The very first session for Reckless took place in June 1983 at The Power Station in New York, when a song called “Heaven,” was recorded for use in the film A Night In Heaven. The movie flopped, so Adams decided to use the song for his forthcoming album.
To write more material, Vallance and Adams spent a lot of time during 1983 and 1984 at Vallance’s basement studio, that sported an Ampex 1100 tape recorder, a Neve console and Urei 1176 compressors.
New songs came quickly, and were of consistently high quality. Vallance remarked, “It had taken a few years, but we’d finally figured out how to write radio-friendly pop tunes, and for much of 1984 that’s exactly what we did, 12 hours a day, 7 days a week. The result was Reckless.”
One of the songs they wrote was “Run To You,” which Adams and Vallance had written for Blue Öyster Cult, at the request of producer Bruce Fairbairn. However, Blue Öyster Cult did not like the song and turned it down. Adams wasn’t sure of the merits of the song either, and played it to Bob Clearmountain, who immediately saw its hit potential and convinced Adams to record it for the new album.”
By March 1984, Adams and Vallance judged that they had written and demoed enough material to start the recordings sessions for the new album. The tracking sessions took place at Little Mountain Sound in Vancouver, owned by producers Bruce Fairbairn and Bob Rock.
At the time, Little Mountain Sound sported a Neve 4048 console and a Studer A80. Adams was keen to replicate the energy of his band in live performance, so most of the tracks were cut live in the studio by the band, with a Linn drum machine providing a click-track for the drummer. In an interview, Adams commented on the live in the studio approach, “I’m proud of that. I remember Bob Clearmountain standing up in the control room and saying, ‘Whoah! You guys have gotta hear this!’”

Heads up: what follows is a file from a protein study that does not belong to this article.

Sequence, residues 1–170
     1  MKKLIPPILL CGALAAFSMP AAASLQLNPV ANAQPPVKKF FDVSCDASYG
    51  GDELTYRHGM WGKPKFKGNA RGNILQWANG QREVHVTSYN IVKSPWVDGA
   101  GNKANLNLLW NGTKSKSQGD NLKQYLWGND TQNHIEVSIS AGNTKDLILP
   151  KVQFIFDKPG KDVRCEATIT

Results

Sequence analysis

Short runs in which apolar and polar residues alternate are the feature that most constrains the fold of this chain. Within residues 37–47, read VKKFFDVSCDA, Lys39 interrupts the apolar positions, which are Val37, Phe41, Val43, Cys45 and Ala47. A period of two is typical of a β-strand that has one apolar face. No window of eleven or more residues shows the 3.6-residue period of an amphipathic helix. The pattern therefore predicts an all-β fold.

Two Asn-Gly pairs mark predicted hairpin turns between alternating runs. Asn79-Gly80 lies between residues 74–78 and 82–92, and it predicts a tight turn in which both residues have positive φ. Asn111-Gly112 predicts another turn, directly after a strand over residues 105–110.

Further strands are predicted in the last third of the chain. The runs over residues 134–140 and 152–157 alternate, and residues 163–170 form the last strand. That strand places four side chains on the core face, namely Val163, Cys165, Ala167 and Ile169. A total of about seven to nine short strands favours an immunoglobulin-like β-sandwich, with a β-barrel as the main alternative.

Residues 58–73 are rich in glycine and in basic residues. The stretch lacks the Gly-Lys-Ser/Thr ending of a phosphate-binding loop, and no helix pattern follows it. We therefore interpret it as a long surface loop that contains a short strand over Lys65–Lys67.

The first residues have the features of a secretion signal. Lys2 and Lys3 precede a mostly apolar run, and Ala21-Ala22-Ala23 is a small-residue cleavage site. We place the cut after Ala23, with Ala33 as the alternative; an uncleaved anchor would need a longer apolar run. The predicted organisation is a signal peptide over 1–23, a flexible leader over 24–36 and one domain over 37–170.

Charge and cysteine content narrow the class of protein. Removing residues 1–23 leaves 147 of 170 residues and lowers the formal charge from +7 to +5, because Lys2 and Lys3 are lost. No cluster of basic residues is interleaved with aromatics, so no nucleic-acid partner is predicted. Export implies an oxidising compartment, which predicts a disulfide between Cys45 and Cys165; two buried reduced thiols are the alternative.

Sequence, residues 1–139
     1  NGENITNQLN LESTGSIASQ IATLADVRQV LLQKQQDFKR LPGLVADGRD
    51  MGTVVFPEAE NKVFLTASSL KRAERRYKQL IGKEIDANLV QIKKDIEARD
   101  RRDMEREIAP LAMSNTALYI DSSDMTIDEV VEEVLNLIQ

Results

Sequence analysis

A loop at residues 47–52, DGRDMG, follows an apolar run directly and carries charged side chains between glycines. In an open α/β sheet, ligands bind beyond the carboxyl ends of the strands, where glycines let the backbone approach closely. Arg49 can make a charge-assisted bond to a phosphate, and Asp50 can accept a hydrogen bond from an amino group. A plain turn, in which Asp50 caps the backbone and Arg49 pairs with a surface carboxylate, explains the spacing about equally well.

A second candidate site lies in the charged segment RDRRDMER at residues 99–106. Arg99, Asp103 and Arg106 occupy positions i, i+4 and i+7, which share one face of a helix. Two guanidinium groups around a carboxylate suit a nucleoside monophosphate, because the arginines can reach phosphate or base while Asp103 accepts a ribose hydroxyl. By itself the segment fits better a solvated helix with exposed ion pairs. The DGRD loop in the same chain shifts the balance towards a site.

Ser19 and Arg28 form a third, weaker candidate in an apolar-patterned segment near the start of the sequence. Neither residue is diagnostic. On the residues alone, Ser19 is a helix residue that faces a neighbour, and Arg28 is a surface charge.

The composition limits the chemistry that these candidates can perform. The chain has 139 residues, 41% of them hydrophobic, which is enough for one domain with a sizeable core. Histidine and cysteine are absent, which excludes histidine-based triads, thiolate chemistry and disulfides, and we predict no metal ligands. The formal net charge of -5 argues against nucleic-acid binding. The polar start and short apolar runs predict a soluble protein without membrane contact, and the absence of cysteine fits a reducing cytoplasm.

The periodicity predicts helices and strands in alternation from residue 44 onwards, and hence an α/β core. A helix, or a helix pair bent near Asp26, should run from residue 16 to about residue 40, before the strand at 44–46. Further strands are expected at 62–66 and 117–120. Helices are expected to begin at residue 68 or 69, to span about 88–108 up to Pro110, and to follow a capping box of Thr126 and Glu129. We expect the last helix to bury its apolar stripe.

The microphones Clearmountain used during the sessions included an AKG D12 on the kick, a Shure SM57 and an AKG 451 on the snare, Sennheiser 421s on the toms, and AKG 451s on the hi-hat and cymbals. The room microphones were Neumann U87s. The room was too dead to get good results on the drums, so Clearmountain put large pieces of sheet metal on the walls in the area where the drums were, for more reflections.
According to Clearmountain, the guitars were recorded with a Shure SM57 in front of the Marshall amp, though sometimes other mics and cabinets were used. He also had four Neumann U87 mics on the Hammond organ Leslie, and synths and the bass were DI-ed. Adams’ guide vocals were recorded with a Shure SM58.
After three weeks the company moved to the Power Station in New York, but before serious mixing could take place, there still were a number of overdubs that needed to be done, not least of Adams’ final lead vocals. On a couple of tracks they were again recorded with a Shure SM58, but on songs that required a richer and rounder sound with a Neumann U87 or a Neumann FET 47.